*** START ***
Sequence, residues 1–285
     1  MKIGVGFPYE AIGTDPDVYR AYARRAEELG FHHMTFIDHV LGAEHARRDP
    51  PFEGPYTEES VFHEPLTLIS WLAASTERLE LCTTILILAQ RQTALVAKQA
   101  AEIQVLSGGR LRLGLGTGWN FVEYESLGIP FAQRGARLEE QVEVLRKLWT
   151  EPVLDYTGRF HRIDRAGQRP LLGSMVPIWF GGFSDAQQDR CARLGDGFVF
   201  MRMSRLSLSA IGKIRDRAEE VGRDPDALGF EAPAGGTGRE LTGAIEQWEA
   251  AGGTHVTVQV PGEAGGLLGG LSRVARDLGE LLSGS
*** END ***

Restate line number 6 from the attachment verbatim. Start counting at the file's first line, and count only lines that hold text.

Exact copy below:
   201  MRMSRLSLSA IGKIRDRAEE VGRDPDALGF EAPAGGTGRE LTGAIEQWEA